When I did research for 5 TV Shows Based On Books I was surprised by just how many there were, and really struggled to narrow it down to just five for that list. After much begging and pleading, the Powers That Be have agreed to let me list some more, so here are 5 more TV shows that started life on the written page.
Shadowhunters (2016 – 2019, Freeform)
Based upon the popular Young Adult supernatural adventure series The Mortal Instruments by Cassandra Clare, this is actually the second attempt at an adaptation, with a film release in 2013 that failed to receive a sequel.
The series focuses on Clary Fray (Katherine McNamara), who, on her 18th birthday, discovers a secret world of monsters, angels, and demons, and that her parents were Shadowhunters: humans born with angelic blood who protected the human world from supernatural forces. When her mother is kidnapped she finds herself drawn into a mystery that not only holds secrets to her past, but threatens the entire world.
Shadowhunters proved to be a popular show, and not just with fans of the books. It took the story of the books and told them over the course of the seasons, yet also introduced some new elements and storylines to provide new material for fans of the book. Despite its popularity the series was cancelled during its third season, leaving many fans petitioning for the show to come back.
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M.A.S.H. (1972 – 1983, CBS)
I was genuinely surprised to learn that M.A.S.H. began life as a book. Despite having never seen a single episode I was so aware of the series and its characters because of how big a cultural icon the show became. It was so popular that the show went on longer than the war it was depicting, at nearly four times the length.
The novel the series was based upon, MASH: A Novel About Three Army Doctors, was written by former military surgeon Dr. H. Richard Hornberger under the pen name Richard Hooker. It featured characters that would later appear in the television adaptation, and was popular enough to spawn 14 sequel books, with each book sending the doctors to new locations, such as MASH Goes To Paris, and MASH Goes To Texas.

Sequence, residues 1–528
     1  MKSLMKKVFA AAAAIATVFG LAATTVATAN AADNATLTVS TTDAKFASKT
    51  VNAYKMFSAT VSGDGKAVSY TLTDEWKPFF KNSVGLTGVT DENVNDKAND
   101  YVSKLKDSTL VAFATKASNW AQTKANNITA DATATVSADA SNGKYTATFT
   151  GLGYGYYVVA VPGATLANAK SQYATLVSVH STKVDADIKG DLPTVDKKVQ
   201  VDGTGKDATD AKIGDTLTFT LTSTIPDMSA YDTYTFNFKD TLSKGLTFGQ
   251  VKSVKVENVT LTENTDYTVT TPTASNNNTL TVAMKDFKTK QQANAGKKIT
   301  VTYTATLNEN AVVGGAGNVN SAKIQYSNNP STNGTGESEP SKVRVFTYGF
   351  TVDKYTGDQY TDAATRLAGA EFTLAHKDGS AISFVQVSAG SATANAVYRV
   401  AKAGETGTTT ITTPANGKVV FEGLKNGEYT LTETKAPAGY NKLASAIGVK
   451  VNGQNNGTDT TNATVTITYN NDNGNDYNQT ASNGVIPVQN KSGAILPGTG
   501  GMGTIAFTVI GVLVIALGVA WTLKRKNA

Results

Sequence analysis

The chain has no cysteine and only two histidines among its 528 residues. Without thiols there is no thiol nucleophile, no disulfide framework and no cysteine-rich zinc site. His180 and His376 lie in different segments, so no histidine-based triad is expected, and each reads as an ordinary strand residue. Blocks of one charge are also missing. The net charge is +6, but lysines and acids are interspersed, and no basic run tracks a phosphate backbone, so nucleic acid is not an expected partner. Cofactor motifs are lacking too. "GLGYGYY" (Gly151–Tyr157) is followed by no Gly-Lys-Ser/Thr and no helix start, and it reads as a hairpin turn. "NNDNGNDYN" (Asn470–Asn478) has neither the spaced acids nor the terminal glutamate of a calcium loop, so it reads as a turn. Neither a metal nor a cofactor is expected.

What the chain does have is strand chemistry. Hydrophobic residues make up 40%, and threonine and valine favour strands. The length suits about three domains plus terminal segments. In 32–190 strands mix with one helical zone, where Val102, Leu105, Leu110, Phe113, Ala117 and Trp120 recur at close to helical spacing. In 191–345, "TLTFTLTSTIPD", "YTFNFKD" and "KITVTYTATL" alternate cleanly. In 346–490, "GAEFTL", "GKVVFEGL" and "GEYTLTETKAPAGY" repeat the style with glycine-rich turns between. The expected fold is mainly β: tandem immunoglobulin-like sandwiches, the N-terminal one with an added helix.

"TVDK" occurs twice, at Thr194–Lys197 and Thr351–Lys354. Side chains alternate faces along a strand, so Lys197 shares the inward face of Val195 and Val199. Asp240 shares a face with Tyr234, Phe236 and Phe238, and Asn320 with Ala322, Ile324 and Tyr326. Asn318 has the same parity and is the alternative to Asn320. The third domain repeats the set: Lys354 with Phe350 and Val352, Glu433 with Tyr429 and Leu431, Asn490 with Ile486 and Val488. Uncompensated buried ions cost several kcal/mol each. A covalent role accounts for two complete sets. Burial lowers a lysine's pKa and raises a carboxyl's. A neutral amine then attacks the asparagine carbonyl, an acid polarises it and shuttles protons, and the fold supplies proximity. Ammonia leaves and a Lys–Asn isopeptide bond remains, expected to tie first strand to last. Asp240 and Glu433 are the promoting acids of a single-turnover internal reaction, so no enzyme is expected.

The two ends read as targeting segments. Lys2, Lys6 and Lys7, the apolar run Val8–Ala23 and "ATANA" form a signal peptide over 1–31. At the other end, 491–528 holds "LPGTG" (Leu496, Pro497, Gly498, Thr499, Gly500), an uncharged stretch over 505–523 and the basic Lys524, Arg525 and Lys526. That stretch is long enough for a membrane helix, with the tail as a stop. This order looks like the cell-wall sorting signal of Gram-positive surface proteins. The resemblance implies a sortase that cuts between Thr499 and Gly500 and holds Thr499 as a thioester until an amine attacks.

Despite all these books M.A.S.H. will always be best remembered as a television series, with few knowing about its book origins.
Roswell (1999 – 2002, The WB)
Set in the famous UFO hot-spot of Roswell, New Mexico, this series followed the lives of a group of high-school students. When one of them is injured in a shooting she’s mysteriously healed by one of her classmates. Investigating this strange event, she discovers that three of her fellow students are actually aliens who’ve been raised by some of the town residents.
The show was based upon the Roswell High series of Young Adult books by Melinda Metz, a ten book series that chronicled the lives of a trio of aliens and their human friends. The show diverged somewhat from the books, and featured both romance-heavy plots, and had sci-fi story arcs over its three seasons.
The series was so well received, and maintained a fan base long after the show ended, that a second adaptation was made in 2018, Roswell, New Mexico.
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8 Simple Rules For Dating My Teenage Daughter (2002 – 2005, ABC)
Another series that’s a surprise entry on this list, 8 Simple Rules was a short-lived American sitcom about a middle class couple and their son and two teenage daughters. Whilst not shown too much in the UK it received more attention after its original airing thanks to the popularity of Kaley Cuoco (The Big Bang Theory) who starred in the series.
The show received good ratings and praise in the US, and would probably have lasted more than its three seasons if not for the unexpected death of series star John Ritter in 2003. The show tried to continue on without him, killing his character off and bringing in two new main cast members, but it was ultimately cancelled.
Unusually, the series was based upon a self help book by author W. Bruce Cameron, who would later develop the title into a sitcom pitch. It stands out as an unusual example of a book being made into a series, as the source material is so different from what ended up on screen.
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Hemlock Grove (2013 – 2015, Netflix)
The Netflix horror series Hemlock Grove is based on the novel of the same name by Brian McGreevy, which was released only a year before the series debut. The series explores the bizarre events happening at Hemlock Grove, an old steel mining town in Pennsylvania.
The series featured some very human drama, as well as a number of supernatural creatures and horrific entities, such as a type of vampire called Upir, werewolves, and reptilian Jörmungandr. The show used familiar creatures in new and interesting ways, and thanks to a cast that included some big names such as Famke Janssen and Bill Skarsgård, had many fans. The series lasted for three seasons, and won a number of awards.